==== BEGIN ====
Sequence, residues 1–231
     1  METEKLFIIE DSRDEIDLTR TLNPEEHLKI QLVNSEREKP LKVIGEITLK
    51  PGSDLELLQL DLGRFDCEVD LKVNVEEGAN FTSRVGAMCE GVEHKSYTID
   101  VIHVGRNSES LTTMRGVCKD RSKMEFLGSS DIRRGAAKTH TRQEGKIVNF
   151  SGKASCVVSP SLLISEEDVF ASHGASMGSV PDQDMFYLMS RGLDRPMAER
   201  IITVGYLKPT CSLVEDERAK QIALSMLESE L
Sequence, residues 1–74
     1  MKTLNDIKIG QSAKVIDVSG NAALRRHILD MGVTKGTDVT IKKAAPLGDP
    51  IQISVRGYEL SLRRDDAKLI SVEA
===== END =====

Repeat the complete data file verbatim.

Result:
Sequence, residues 1–231
     1  METEKLFIIE DSRDEIDLTR TLNPEEHLKI QLVNSEREKP LKVIGEITLK
    51  PGSDLELLQL DLGRFDCEVD LKVNVEEGAN FTSRVGAMCE GVEHKSYTID
   101  VIHVGRNSES LTTMRGVCKD RSKMEFLGSS DIRRGAAKTH TRQEGKIVNF
   151  SGKASCVVSP SLLISEEDVF ASHGASMGSV PDQDMFYLMS RGLDRPMAER
   201  IITVGYLKPT CSLVEDERAK QIALSMLESE L
Sequence, residues 1–74
     1  MKTLNDIKIG QSAKVIDVSG NAALRRHILD MGVTKGTDVT IKKAAPLGDP
    51  IQISVRGYEL SLRRDDAKLI SVEA